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(Reuters) - The three major U.S. indexes fell more than 1.5 percent on Thursday, on track for their steepest drop in six weeks, gripped by the growing threat of a global trade war.

President Donald Trump was expected to lay the foundation for tariffs on Chinese imports worth around $50 billion, a move likely to trigger retaliation from Beijing. The presidential memorandum is expected to be signed at 12:30 p.m. ET.

China is preparing a range of responses and has threatened to retaliate by hitting U.S. agricultural exports.

“The markets should dislike the possibility of a trade war between United States and other countries,” said Stephen Wood, chief market strategist for Russell Investments in New York.

“However, there’s a lot of negotiation taking place there. Suddenly we’re seeing smaller numbers and exemptions.”

Still, major industrials Boeing and Caterpillar fell more than 3.5 percent.

Nine of the 11 major S&P sectors were in the red, with five of them down more than 2 percent. Only the interest-rate sensitive utilities and real estate sectors were higher after the Federal Reserve raised interest rates, as was widely expected, on Wednesday.

The Fed forecast at least two more hikes for 2018, also as expected. But nearly half of the policy makers projected three more this year and the pace of increases is seen quickening in the next two years, ending the years-long easy-money policy.

Traders work on the floor of the New York Stock Exchange shortly after the opening bell in New York, U.S., March 21, 2018. REUTERS/Lucas Jackson

“What we’ve got is a strong risk-off trade, which I think is a follow on to the comments from (Fed Chair Jerome) Powell and some of the Facebook issues,” said Paul Norte, portfolio manager at Kings view Asset Management in Chicago.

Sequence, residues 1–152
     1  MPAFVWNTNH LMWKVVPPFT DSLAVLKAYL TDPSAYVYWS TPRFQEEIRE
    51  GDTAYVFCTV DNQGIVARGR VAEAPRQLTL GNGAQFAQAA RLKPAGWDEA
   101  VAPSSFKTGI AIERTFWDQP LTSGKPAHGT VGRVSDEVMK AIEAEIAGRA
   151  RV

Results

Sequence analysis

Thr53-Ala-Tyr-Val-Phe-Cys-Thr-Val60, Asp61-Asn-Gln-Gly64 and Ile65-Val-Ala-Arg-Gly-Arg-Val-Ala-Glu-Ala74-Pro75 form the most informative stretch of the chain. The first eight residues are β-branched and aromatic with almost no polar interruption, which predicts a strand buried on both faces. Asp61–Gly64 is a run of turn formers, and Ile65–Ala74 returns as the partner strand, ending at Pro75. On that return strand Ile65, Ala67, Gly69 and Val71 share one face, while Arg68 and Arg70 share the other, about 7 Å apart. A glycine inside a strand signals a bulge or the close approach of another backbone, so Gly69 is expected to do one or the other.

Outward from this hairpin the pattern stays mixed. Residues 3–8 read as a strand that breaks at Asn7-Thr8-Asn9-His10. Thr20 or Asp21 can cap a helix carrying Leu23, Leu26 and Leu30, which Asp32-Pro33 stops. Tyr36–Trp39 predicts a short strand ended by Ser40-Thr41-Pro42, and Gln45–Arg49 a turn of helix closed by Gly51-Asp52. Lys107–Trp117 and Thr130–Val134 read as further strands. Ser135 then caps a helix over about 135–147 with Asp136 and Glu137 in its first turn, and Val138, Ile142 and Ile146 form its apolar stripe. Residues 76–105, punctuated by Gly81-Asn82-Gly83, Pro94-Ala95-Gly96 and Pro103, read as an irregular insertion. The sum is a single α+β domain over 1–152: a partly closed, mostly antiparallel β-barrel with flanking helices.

“Investors are looking to take some money off the table.”

At 11:50 a.m. ET, the Dow Jones Industrial Average fell 446.9 points, or 1.81 percent, to 24,235.41. The S&P 500 lost 44.65 points, or 1.65 percent, to 2,667.28 and the Nasdaq Composite dropped 135.21 points, or 1.84 percent, to 7,210.08.

The Cboe Volatility Index, the most widely followed barometer of expected near-term volatility in the S&P 500, was up 3.25 points at 21.11, after touching a three-day high of 21.24.

U.S. treasury prices gained as the fears of a trade war sent investors to safe-haven investments.

The S&P 500 technology index, the best performing sector over the past year, fell 1.63 percent. Apple, Microsoft, Amazon and Alphabet dropped 0.9 percent to 3 percent.

Facebook shares fell 1.5 percent, reversing course after brief gains early in the session.

AbbVie slumped about 11 percent after the drugmaker said it would not seek accelerated approval for its experimental lung cancer treatment based on results from a mid-stage study.

Declining issues outnumbered advancers on the NYSE for a 2.79-to-1 ratio, and for a 3.05-to-1 ratio on the Nasdaq.

Reporting by Sruthi

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